Green's 'Let It Snow' is published

Let It Snow: Three Holiday Romances is a fix-up novel comprising three separate stories that intertwine with one another. It was released in 2008 through Speak. The stories are The Jubilee Express by Maureen Johnson, A Cheertastic Christmas Miracle by John Green, and The Patron Saint of Pigs by Lauren Myracle.

West Nickel Mines School shooting

A shooting occurred at an Amish one-room schoolhouse in the village of Nickel Mines. Charles Roberts shot eight out of ten girls, killing five, and then he committed a suicide. Subsequently, the school was torn down and a new one, called New Hope School, was built at another location.

'Little Shop of Horrors' makes its Broadway debut

Little Shop of Horrors is a horror comedy rock musical, by composer Alan Menken and writer Howard Ashman, about a hapless florist shop worker who raises a plant that feeds on human blood and flesh. The musical is based on the low-budget 1960 black comedy film The Little Shop of Horrors. The music, composed by Menken in the style of early 1960s rock and roll, doo-wop and early Motown.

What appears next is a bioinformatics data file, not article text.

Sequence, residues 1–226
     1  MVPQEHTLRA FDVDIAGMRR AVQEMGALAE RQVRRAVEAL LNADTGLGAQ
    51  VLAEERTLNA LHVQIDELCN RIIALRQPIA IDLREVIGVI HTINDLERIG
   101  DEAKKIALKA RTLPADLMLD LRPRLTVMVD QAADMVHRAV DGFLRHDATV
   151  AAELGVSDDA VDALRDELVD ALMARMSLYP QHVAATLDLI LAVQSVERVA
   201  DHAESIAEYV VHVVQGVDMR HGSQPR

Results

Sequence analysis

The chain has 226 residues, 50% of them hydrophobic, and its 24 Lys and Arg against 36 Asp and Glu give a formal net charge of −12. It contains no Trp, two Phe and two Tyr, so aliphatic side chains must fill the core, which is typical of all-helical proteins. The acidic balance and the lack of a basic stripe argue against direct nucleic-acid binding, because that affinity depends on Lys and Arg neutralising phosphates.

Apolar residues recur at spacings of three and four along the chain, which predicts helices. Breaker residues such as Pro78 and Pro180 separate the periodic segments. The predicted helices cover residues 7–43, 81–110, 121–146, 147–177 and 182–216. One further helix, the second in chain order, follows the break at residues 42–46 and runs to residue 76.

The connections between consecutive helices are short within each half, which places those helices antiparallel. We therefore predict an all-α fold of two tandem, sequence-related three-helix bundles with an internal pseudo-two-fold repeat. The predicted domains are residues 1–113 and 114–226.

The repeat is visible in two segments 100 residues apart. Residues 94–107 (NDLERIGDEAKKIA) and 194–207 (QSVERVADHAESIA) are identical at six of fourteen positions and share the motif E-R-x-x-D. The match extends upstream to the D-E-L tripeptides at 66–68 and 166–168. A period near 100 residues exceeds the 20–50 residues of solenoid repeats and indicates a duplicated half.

'Scrubs' first airs on NBC

Scrubs is an American medical comedy-drama television series created by Bill Lawrence. The series follows the lives of employees at the fictional Sacred Heart Teaching Hospital. The series was noted for its fast-paced slapstick and surreal vignettes presented mostly as the daydreams of the central character, Dr. John "J.D." Dorian.

1999

Legendary centre-back Carlos Puyol makes his Barcelona debut

Louis van Gaal promoted Puyol to the first team the following year, and he made his La Liga debut in October 1999 in a 2–0 away win against Real Valladolid. After that, he successfully made another conversion, now to central defender. During the 2003 off-season, as Barcelona was immersed in a financial crisis.

Flight 603 crashes into the ocean

Aeroperú Flight 603 was a scheduled flight from Miami International Airport in Miami, Florida to Comodoro Arturo Merino Benítez International Airport in Santiago, Chile, with stopover in Peru. In 1996, the Boeing 757-23A aircraft flying the final leg of the flight crashed, killing all 70 people aboard.

Nick Cave and Kylie Minogue release duet